17. The SiP of claim 16, wherein the volatile memory cells are static random-access memory (SRAM) cells.
18. A system in package (“SiP”) comprising:
a plurality of integrated circuit (“IC”) dies, said plurality of IC dies comprising:
a first die comprising at least one non-volatile memory for storing configuration data; and
a second die comprising a plurality of configurable circuits and a set of volatile memories associated with each configurable circuit, each configurable circuit for configurably performing a set of configurable operations based on different configuration data that is loaded from the non-volatile memory of the first die during an initial power-up cycle of the second die and stored in the volatile memories associated with the configurable circuit, wherein the set of configurable operations is performed once the second die has started its runtime operations after the initial power-up cycle.
19. The SiP of claim 18, wherein at least one configurable circuit is a reconfigurable circuit, wherein the reconfigurable circuit is for reconfigurably performing different operations based on different configuration data during a runtime of the first IC.
20. The SiP of claim 19 further comprising:
a substrate on top of which the first and second dies are mounted; and
a cap for encapsulating a top side of the substrate to form a housing that houses the first and second dies.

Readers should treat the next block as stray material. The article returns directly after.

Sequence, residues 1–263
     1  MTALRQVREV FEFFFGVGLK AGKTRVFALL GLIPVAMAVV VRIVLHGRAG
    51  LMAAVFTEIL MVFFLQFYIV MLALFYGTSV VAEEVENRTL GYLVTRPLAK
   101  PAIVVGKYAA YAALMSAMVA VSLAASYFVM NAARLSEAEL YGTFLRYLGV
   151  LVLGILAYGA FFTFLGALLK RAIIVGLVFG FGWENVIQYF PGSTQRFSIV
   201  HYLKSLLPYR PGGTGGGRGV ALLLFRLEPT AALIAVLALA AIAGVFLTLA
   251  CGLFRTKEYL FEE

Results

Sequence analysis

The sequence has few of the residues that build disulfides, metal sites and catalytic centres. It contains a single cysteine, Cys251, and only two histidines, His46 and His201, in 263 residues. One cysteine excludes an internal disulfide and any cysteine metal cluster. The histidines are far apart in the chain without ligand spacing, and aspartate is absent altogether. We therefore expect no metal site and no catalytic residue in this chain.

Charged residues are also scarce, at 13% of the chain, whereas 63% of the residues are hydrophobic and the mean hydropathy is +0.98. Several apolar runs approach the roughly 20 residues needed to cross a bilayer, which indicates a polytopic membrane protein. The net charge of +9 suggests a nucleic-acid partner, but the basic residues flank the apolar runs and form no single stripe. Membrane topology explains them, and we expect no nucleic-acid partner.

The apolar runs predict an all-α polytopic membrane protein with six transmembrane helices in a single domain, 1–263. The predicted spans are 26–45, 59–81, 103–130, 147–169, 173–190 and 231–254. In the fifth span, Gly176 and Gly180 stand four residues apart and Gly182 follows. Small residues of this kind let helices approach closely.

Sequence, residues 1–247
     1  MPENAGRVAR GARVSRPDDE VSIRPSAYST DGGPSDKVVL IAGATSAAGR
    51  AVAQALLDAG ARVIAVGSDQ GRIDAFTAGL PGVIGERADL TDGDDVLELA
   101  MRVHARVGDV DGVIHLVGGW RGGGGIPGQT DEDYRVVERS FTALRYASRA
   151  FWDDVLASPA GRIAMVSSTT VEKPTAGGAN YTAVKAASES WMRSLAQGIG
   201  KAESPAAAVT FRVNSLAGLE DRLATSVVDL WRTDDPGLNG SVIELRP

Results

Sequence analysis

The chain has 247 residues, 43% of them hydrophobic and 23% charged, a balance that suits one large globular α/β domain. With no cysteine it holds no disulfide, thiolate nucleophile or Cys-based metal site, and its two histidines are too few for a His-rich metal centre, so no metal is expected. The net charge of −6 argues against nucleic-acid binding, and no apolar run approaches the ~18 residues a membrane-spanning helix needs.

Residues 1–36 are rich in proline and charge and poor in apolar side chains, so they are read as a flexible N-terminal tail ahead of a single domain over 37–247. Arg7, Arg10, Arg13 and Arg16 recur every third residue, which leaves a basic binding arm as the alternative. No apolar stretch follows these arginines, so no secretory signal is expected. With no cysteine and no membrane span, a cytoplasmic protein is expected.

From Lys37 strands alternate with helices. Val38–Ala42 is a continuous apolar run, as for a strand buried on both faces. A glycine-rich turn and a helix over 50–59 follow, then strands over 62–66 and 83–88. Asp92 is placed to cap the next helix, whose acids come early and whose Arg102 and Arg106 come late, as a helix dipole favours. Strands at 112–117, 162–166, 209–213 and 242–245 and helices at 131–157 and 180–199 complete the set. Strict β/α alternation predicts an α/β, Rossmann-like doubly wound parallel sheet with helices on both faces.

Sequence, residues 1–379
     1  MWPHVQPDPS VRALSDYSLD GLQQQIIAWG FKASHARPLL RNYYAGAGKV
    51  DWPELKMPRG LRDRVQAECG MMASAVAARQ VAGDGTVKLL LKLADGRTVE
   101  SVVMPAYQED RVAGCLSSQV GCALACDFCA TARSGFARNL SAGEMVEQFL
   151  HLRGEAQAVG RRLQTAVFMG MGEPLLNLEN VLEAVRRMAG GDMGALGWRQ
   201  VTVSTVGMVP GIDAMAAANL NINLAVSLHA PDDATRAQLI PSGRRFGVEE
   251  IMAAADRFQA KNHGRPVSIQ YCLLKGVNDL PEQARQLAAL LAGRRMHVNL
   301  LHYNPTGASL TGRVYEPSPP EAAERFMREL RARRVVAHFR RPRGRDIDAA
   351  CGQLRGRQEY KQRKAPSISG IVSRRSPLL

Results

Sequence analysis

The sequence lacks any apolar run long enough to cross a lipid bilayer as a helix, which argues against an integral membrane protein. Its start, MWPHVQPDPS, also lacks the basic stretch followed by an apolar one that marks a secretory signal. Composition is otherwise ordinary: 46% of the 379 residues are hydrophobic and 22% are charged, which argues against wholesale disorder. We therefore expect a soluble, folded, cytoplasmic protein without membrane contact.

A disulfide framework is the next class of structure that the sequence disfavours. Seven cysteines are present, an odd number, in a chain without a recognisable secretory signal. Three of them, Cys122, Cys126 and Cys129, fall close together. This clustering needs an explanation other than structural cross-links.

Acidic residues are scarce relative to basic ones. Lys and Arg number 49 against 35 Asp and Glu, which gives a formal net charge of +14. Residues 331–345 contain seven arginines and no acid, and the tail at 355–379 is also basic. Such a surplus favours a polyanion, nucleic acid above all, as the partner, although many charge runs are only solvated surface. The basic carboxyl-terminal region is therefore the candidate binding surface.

21. The SiP of claim 18, wherein said configuration data comprises a plurality of sets of configuration data.
22. A method for creating a System in Package (“SiP”), the method comprising:
mounting, on a substrate, a first integrated circuit (“IC”) comprising a plurality of configurable circuits and a volatile memory associated with each configurable circuit, each configurable circuit for configurably performing different operations based on different configuration data;
mounting, on the substrate, a second IC comprising at least one non-volatile memory for storing configuration data for the first IC; and
storing the configuration data for the first IC in the non-volatile memory of said second IC for subsequent loading, during an initial power-up cycle of the first IC, into the volatile memory associated with a set of configurable circuits of the first IC to configure the set of configurable circuits to perform a set of configurable operations based on the loaded configuration data once the first IC has started its runtime operations after the initial power-up cycle.
23. The method of claim 22, wherein said loading comprises identifying a subset of the configuration data stored in the second IC using a parameter of the first IC.
Description
CLAIM OF BENEFIT TO PRIOR APPLICATIONS

This application is a continuation application of U.S. patent application Ser. No. 11/269,506, filed Nov. 7, 2005, entitled “System with a defect tolerant configurable IC.” U.S. patent application Ser. No. 11/269,506 is a continuation in-part application of U.S. patent application Ser. No. 11/081,820, filed Mar. 15, 2005 now U.S. Pat. No. 7,530,044 entitled “Method For Manufacturing a Programmable System in Package,” now issued as U.S. Pat. No. 7,530,044.

CROSS REFERENCE TO RELATED APPLICATIONS

This Application is related to the following applications: U.S. patent application Ser. No. 11/271,165, filed Nov. 11, 2005; U.S. patent application Ser. No. 11/269,868, filed Nov. 7, 2005; U.S. patent application Ser. No. 12/011,601, filed Jan. 25, 2008, now issued as U.S. Pat. No. 7,622,951; U.S. patent application Ser. No. 11/271,080, filed Nov. 11, 2005, now issued as U.S. Pat. No. 7,262,633; and U.S. patent application Ser. No. 11/829,300, filed Jul. 27, 2007, now issued as U.S. Pat. No. 7,626,419.

FIELD OF THE INVENTION

The present invention is directed towards a system with a defect tolerant configurable IC.

BACKGROUND OF THE INVENTION